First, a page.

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Backing for tarpon

Prhea36Prhea36 Posts: 75 Deckhand
hi,

i was just wondering how much backing is recommended if you are fishing for 30-100lb tarpon in the backcountry?

thanks!

Replies

  • Renagade69Renagade69 Posts: 1,234 Officer
    I would put as much as the reel will hold.
    Hells Bay Estero Bay Boat and Hells Bay Marquesas
  • Prhea36Prhea36 Posts: 75 Deckhand
    200-250 yards okay?
  • FreeFlyFreeFreeFlyFree Posts: 121 Deckhand
    150 and you lost that tarpon in the back country...now, this is not something I have experienced but the oracle of saint google tells me so
  • ShadowcastShadowcast Wimauma, FLPosts: 1,064 Officer
    Renagade69 wrote: »
    I would put as much as the reel will hold.

    X2.....however someone once told me that if you get a reel (Tibor Pacific, Orvis Mirage VII Shallow, etc.) that can hold 650+ yards of gelspun and a tarpon gets you out that far.....you got a problem! 300-400 yards of Dacron is more than enough.
    Capt. Jon Bull
    @shadowcastflyfishing
    Sales Rep - Ankona Boats, Salt Marsh Skiffs, Tavernier Skiff Company
  • lemaymiamilemaymiami Posts: 4,424 Captain
    The old standby, the FinNor #3, held roughly 200 yards of 30lb dacron - and it was the standard for years and years when it came to big tarpon. Most reels for larger lines these days will hold a minimum of 250yds or 30lb dacron (and if you use superbraid instead you've got roughly 350yds...).


    For my purposes (and most all of our big tarpon are in dark waters....) 250 yards is plenty. If you were fishing in super clear water (think Keys, oceanside...) then 350 is probably a good standard. All bets are off if you intend to use a light drag since any bigger tarpon can absolutely clean your clock if you don't use a pretty good drag....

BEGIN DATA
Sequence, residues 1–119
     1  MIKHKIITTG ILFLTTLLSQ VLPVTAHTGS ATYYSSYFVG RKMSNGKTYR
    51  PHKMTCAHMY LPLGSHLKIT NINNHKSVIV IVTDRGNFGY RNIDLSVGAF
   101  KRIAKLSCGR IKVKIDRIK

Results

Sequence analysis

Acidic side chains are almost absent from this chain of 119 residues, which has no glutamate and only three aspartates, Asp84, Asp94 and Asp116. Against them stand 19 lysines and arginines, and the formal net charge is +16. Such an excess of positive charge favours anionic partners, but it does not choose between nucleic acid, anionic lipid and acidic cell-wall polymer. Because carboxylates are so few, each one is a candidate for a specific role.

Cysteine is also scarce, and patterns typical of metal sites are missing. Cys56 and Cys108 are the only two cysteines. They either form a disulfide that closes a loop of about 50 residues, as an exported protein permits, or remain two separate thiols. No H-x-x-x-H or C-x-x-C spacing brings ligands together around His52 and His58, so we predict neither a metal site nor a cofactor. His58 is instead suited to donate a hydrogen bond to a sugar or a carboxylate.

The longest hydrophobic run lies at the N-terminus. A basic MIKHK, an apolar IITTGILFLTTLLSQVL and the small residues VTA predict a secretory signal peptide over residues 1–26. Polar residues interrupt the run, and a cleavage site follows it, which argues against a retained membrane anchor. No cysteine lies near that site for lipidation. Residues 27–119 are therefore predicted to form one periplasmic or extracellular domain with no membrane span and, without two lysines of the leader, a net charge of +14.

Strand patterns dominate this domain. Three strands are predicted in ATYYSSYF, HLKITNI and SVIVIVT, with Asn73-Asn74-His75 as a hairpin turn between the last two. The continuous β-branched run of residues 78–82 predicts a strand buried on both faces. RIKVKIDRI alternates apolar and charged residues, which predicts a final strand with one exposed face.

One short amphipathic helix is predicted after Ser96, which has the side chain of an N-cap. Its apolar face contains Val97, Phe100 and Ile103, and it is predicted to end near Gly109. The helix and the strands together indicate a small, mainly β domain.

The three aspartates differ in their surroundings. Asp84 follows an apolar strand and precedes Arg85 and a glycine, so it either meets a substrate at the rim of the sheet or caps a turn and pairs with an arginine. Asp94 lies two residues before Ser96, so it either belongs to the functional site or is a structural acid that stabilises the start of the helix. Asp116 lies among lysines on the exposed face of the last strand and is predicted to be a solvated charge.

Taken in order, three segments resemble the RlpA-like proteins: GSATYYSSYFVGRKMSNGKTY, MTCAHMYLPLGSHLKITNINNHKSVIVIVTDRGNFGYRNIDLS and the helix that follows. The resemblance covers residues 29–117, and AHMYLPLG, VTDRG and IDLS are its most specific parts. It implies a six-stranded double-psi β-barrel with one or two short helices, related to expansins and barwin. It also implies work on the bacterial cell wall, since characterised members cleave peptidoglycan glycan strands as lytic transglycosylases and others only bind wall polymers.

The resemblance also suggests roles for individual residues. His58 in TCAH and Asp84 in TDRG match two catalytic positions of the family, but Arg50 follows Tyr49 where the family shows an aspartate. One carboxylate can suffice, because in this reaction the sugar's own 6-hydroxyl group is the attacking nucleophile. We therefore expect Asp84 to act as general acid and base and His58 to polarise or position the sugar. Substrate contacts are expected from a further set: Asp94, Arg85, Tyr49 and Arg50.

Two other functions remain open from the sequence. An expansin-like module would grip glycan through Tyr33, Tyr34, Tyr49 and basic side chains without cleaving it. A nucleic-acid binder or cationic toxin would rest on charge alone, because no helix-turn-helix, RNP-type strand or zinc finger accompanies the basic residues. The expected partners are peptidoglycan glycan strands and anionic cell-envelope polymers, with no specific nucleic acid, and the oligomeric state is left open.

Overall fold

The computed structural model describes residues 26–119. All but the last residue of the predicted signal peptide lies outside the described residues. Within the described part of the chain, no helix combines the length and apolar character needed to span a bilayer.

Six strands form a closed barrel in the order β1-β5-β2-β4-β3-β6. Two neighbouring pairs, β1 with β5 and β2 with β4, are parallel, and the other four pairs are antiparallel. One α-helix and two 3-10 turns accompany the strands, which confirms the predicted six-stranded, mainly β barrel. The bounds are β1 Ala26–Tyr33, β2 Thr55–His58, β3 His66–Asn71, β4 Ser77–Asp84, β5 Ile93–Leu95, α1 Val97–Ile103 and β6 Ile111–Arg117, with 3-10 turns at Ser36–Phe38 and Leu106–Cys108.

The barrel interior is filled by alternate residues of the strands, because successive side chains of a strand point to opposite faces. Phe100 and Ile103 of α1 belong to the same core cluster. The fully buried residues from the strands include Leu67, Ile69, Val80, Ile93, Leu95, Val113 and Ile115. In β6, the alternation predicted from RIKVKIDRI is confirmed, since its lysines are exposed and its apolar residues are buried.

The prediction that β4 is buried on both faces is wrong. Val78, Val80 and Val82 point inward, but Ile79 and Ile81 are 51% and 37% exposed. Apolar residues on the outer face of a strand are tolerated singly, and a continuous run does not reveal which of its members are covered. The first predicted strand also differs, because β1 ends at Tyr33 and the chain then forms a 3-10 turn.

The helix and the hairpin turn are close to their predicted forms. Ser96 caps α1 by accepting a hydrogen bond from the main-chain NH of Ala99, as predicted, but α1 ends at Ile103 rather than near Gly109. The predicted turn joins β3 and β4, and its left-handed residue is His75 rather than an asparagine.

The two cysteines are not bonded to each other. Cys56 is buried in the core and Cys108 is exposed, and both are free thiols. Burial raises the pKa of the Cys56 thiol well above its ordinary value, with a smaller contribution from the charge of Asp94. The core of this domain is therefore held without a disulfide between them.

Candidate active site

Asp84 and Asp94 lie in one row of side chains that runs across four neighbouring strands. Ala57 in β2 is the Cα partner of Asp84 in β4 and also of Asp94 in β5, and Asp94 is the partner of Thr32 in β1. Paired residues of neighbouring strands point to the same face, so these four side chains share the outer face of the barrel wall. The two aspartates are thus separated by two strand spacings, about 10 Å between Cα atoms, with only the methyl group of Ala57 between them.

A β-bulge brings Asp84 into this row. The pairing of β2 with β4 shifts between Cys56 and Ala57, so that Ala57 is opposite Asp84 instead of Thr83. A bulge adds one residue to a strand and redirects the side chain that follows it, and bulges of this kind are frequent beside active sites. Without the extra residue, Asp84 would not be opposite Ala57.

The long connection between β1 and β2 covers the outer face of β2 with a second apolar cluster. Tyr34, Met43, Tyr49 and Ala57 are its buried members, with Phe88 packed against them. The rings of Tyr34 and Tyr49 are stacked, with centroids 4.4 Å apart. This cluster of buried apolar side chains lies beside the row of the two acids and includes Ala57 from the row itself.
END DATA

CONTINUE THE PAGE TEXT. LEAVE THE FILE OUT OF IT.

One thing I hear over and over again is the advice to put as much backing on a fly reel as possible. I would never advise anyone to do that.... Always leave a bit of space when the reel is fully loaded with backing and fly line to allow you a bit of leeway if you forget to level wind properly with a big fish on. Load up with backing and it's very easy to jam a reel if it's not level wound.... I've seen that problem with my anglers and if you jam up a reel it will always be when the fish is right at the boat and you can least afford that particular problem. Nothing like a broken rod that's almost brand new and cost a bunch of money to drive the lesson home.... Hope this helps.
    Tight Lines
    Bob LeMay
    (954) 435-5666
  • ShadowcastShadowcast Wimauma, FLPosts: 1,064 Officer
    Excellent point Bob! I never thought of that.
    Capt. Jon Bull
    @shadowcastflyfishing
    Sales Rep - Ankona Boats, Salt Marsh Skiffs, Tavernier Skiff Company
  • clampmanclampman Posts: 130 Deckhand
    When I was a kid of 7 or 8, the guy across the street, who was a Marlin fisherman and my hero, told me I should fill my spools higher along the spool cheeks than in the middle - so the surface of the line made a concave shape.

    His reasoning was that in the beginning of the fight, the angler is excited and also in a hurry to gain line back onto his reel, and often does not pay enough attention to winding it on level. But also that it makes for much smoother braking with the leather thumb tab when casting from a bridge or pier.

    I have filled all my spools this way ever since.



    Cheers,
    Jim
  • lemaymiamilemaymiami Posts: 4,424 Captain
    Back in the Stone Age... I was a pier rat until I could get a boat bigger than 12 feet long.... I got to see many different ways that folks dealt with drag problems since there were still plugcasting reels around that pretty much didn't have any drag at all (or had the old 'Cub' drag from Pflueger...). It was always a treat to watch folks burning their thumbs on those old reels (and actually swapping hands as one thumb or the other over heated and couldn't be used any more.... All of this was on the old Haulover and Newport piers - I didn't get to the old Lake Worth pier until 1975 if I remember correctly.

    The fly reels most of us had were the original Scientific Anglers reels (actually inexpensive Hardy Marquis reels, with only a single or double clicker as the drag....). You could hear the drag on one over 100 yards away.... those were the days...
    Tight Lines
    Bob LeMay
    (954) 435-5666
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